1Supported by the Georgia Agricultural Experiment Stations and grants-in-aid from cooperating chemical companies.
Stands from atesta (bald) seed 10 and 20 days after planting were 32.0 and 35.5% less than stands from intact seed in field plots. Thirty-two and 62 days after planting the fresh weights of plants from bald seed were 32.3 and 15.3% less than those from intact seed. Pod yield of plants from bald seed was 20.4% less than that from intact seed. Sound mature kernels (SMK) produced by plants from bald seed was 1.2% less than the SMK from intact seed. When plant populations in field plots were adjusted by covariance analysis to equal numbers, no difference in yield was predicted. Plants grown from bald and intact seed in field microplots fumigated with metam-sodium had no difference in yield or SMK. Bald seed germinated in 24 hr cycles of 20 C/16 hr + 30 C/8 hr had fewer normal rapid and more normal slow germinating seedlings than intact seed. At temperatures of 30 C16 hr 20 C8 hr, there was no difference in germination percentages. In soil infested with Aspergillus niger van Tieghem at 21 C/12 hr + 27 C/12 hr there was no difference in seedling emergence from bald or intact seed after 22 days. At temperatures of 15 C/12 hr + 21 C/12 hr, seedling emergence from bald seed in A. niger infested and noninfested soil was less than that of intact seed in control soil. Emergence of seedlings from bald seed was zero and that from intact seed was less than other treatments at both temperature regimes in soil infested with Rhizoctonia solani Khn anastomosis group 4.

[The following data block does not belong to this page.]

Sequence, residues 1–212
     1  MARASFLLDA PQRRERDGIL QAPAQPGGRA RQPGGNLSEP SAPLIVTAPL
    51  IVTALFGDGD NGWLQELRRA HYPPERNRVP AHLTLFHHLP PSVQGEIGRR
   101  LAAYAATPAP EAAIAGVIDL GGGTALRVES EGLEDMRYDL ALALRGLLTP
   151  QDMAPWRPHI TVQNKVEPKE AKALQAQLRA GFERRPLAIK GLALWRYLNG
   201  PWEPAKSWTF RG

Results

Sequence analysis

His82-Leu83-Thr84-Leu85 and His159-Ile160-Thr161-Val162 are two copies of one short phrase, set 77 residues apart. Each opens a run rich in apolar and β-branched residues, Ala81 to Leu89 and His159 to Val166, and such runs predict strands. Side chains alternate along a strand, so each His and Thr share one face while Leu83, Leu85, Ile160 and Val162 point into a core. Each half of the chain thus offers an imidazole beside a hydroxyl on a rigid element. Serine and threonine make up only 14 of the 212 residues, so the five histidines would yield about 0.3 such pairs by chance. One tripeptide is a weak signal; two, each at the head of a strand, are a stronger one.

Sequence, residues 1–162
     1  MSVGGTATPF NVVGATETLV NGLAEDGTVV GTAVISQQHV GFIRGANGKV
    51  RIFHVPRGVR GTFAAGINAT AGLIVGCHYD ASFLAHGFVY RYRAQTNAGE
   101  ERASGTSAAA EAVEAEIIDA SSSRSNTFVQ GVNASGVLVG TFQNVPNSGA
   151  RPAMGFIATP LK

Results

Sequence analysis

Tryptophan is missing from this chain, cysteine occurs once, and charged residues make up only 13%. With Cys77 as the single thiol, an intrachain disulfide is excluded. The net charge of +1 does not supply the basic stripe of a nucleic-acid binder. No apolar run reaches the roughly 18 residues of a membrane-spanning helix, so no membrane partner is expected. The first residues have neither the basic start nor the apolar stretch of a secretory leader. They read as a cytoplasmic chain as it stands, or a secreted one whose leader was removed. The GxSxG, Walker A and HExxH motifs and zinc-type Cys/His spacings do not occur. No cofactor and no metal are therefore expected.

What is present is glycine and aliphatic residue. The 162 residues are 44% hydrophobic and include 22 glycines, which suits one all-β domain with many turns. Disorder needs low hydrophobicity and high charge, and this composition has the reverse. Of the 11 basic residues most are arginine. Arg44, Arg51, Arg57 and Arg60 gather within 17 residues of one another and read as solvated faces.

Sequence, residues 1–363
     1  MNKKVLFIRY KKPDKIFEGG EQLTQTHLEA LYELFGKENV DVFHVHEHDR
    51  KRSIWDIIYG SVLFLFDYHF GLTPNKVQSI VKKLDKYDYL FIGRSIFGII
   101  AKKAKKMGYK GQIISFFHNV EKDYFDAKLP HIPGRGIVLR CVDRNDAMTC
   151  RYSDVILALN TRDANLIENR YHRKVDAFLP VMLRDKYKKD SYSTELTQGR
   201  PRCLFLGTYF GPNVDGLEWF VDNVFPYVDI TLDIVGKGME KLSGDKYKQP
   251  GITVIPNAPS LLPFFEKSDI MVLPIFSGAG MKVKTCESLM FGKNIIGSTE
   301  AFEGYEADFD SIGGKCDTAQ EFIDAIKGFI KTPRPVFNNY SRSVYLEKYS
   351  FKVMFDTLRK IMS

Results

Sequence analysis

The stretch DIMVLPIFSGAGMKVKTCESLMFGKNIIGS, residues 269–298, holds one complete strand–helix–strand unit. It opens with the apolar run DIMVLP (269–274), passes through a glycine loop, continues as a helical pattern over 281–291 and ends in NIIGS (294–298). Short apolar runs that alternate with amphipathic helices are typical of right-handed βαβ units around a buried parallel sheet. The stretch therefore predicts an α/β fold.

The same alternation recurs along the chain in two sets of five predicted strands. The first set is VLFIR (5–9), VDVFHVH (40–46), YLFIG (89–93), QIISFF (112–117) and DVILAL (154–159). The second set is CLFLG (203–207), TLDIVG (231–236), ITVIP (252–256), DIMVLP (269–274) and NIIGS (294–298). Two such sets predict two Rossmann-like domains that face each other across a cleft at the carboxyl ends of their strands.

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Keywords: Atesta (bald) seed, intact seed, testa, cold stress, germination vigor, Aspergillus niger, Rhizoctonia solani AG-4
How to Cite:
Bell, D., (1984) “Performance of Atesta and Intact Peanut Seed in Field Plots, Field Microplots, Germination and Pathogenicity Tests¹”, Peanut Science 11(2), p.74-77. doi: https://doi.org/10.3146/i0095-3679-11-2-7